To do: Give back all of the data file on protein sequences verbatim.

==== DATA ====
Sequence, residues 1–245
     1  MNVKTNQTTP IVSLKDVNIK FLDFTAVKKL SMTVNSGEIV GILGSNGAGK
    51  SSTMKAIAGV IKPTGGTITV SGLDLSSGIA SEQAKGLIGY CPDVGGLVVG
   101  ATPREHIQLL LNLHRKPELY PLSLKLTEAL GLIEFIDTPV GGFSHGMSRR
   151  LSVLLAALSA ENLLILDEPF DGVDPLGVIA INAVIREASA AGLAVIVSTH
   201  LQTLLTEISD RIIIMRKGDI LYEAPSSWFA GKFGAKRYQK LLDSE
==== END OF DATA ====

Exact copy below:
Sequence, residues 1–245
     1  MNVKTNQTTP IVSLKDVNIK FLDFTAVKKL SMTVNSGEIV GILGSNGAGK
    51  SSTMKAIAGV IKPTGGTITV SGLDLSSGIA SEQAKGLIGY CPDVGGLVVG
   101  ATPREHIQLL LNLHRKPELY PLSLKLTEAL GLIEFIDTPV GGFSHGMSRR
   151  LSVLLAALSA ENLLILDEPF DGVDPLGVIA INAVIREASA AGLAVIVSTH
   201  LQTLLTEISD RIIIMRKGDI LYEAPSSWFA GKFGAKRYQK LLDSE